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Non-specific effects of childhood vaccines

BMJ 2016; 355 doi: (Published 13 October 2016) Cite this as: BMJ 2016;355:i5434
  1. Chee Fu Yung, consultant
  1. Infectious Disease Service, Department of Paediatrics, KK Women’s and Children’s Hospital, Singapore 229899
  1. cheefu.yung{at}

Evidence of any “off target” effects remains weak and vulnerable to biases

Non-specific effects of vaccines or “off target effects” as they are sometimes called can be defined as effects of a vaccine beyond their intended target pathogen or disease. These effects can be beneficial as well as harmful.1 2 3 The published evidence on non-specific effects of childhood vaccines remain confusing, so the linked systematic reviews by Higgins and colleagues (doi:10.1136/bmj.i5170)4 and Kandasamy and colleagues (doi:10.1136/bmj.i5225)5 looking at clinical and immunological non-specific effects are welcome.

The systematic reviews were commissioned by the WHO Strategic Advisory Group of Experts (SAGE) to decide if there was enough evidence to consider changes in scheduling or co-administration of certain vaccines.6 It is important to emphasise that the systematic reviews were not intended or designed to assess if these vaccines are safe or should continue to be recommended for children. It is beyond debate that BCG, diphtheria, tetanus, pertussis (DPT), and measles containing vaccines (MCV) are safe. These vaccines have saved the lives of millions of children. The reviews’ findings must not be hijacked to argue against their recommended use.

Higgins and colleagues provide a comprehensive collation of available data from clinical trials and cohort and case-control studies on the impact of BCG, DPT, and MCV on non-specific and all cause mortality in children aged under 5.4 Importantly, the authors used a robust assessment of risk of bias to evaluate all eligible studies and exclude those at “very high” risk of bias. Observational studies of vaccine effects are vulnerable to confounding—unwell children are less likely to be vaccinated—as well as misclassification bias of vaccination status.

These biases are directly relevant to the controversial finding that receipt of DPT could be associated with an increase in all cause mortality (relative risk 1.38, 95% confidence interval 0.92 to 2.08).4 This figure must be interpreted with extreme caution as all 10 studies in the analysis were observational and classified as “high risk of bias.” Most were from the same setting, limiting generalisability. Importantly, the authors found no randomised trial data on this association.

In contrast, what they did find were randomised trial data suggesting that BCG vaccine could reduce all cause mortality (relative risk 0.70, 95% confidence interval 0.49 to 1.01).4 Clinical trials of MCV also suggested a possible protective effect against mortality, especially for girls, but the low numbers of deaths and short follow-up prevent confident conclusions.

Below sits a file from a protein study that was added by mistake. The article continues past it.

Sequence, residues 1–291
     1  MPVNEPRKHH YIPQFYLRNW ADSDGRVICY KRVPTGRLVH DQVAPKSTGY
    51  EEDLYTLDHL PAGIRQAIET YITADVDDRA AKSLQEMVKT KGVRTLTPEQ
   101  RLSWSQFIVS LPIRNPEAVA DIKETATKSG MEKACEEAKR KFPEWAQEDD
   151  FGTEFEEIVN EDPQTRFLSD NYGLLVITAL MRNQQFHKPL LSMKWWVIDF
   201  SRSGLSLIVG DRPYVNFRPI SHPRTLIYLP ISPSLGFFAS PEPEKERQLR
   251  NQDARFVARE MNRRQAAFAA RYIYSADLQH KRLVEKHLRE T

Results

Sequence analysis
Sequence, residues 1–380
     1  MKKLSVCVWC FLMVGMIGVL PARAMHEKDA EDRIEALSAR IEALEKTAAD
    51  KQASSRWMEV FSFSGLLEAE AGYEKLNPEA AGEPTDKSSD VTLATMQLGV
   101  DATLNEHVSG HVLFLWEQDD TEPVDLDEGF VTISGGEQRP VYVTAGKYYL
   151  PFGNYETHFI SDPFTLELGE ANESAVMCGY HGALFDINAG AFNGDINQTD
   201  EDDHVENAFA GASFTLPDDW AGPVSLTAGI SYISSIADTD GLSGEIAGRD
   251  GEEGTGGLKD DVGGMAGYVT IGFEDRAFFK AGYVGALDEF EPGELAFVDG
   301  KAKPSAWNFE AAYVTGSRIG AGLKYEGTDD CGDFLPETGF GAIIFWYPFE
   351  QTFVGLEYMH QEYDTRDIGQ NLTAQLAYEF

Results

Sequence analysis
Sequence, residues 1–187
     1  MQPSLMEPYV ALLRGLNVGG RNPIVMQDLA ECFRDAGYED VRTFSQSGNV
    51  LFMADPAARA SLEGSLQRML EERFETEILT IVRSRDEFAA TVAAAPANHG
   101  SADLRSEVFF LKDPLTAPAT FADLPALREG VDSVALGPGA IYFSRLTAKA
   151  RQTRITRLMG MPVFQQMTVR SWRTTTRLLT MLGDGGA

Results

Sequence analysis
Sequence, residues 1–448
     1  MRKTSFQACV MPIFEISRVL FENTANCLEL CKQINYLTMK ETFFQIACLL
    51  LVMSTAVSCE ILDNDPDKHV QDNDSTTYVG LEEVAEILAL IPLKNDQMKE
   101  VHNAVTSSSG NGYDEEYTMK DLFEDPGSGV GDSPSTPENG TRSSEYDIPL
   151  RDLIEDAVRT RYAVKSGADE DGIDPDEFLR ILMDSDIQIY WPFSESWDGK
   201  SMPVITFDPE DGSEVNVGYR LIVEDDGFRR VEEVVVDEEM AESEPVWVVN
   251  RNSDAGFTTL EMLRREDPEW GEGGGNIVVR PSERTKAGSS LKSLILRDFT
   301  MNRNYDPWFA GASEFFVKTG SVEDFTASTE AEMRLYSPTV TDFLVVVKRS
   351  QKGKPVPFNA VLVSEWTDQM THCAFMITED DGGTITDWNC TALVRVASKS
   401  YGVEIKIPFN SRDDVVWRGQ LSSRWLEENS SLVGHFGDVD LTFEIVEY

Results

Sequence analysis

Complementing the epidemiological review, Kandasamy and colleagues (doi:10.1136/bmj.i5225) reviewed evidence for non-specific immunological effects of BCG (48% of included papers), measles, MMR, DTP, DT, and pertussis vaccines.5 The Achilles’ heel of all such studies is that we do not have any established immunological markers for clinically relevant non-specific effects. This is reflected in the large number (143) of different immunological outcomes in the reviewed papers.5 Meta-analysis of these heterogeneous studies wasn’t possible, but a systematic review did find a trend of increased IFN-γ levels in BCG vaccinated individuals relative to unvaccinated controls.5 Reviewed studies also reported lymphoproliferation in response to exposure to tetanus toxoid and Candida albicans antigen in people who had received measles vaccine.5 Finally, DTP, DT, and pertussis vaccines were found to be capable of generating immune responses—lymphocyte proliferation and production of various cytokines—to heterologous antigens.5 The actual relevance of these findings in relation to non-specific immunological effects of vaccines remains unclear.

Taken together, the two systematic reviews suggest that vaccines could have non-specific effects, but the evidence remains weak. After reviewing both studies, the WHO’s expert group (SAGE) rightly concluded that there was no need to modify current vaccination schedules or policies.6

Perhaps the most important message from these two well conducted systematic reviews is that further small observational studies will not take us any closer to the truth about non-specific effects of childhood vaccines. Inherent biases and confounders (especially unknown confounders) cannot be eliminated by simply doing more of the same. If randomised controlled trials are not feasible, large observational study designs incorporating innovative methods to control for confounders, conducted with standardised protocols across multiple settings and countries is the only alternative. Similarly, coordination, standardisation, and a systems approach in immunological research on non-specific effects is urgently required.

The rapid advancement in immunological methods and technologies could complicate the evidence base still further if they result in the proliferation of studies reporting new immunological variables of unknown clinical relevance. Ideally, both epidemiological and immunological efforts need to be integrated. If we fail to come together, it is highly likely that we will still be in the same situation when these systematic reviews are updated in five or even 10 years.


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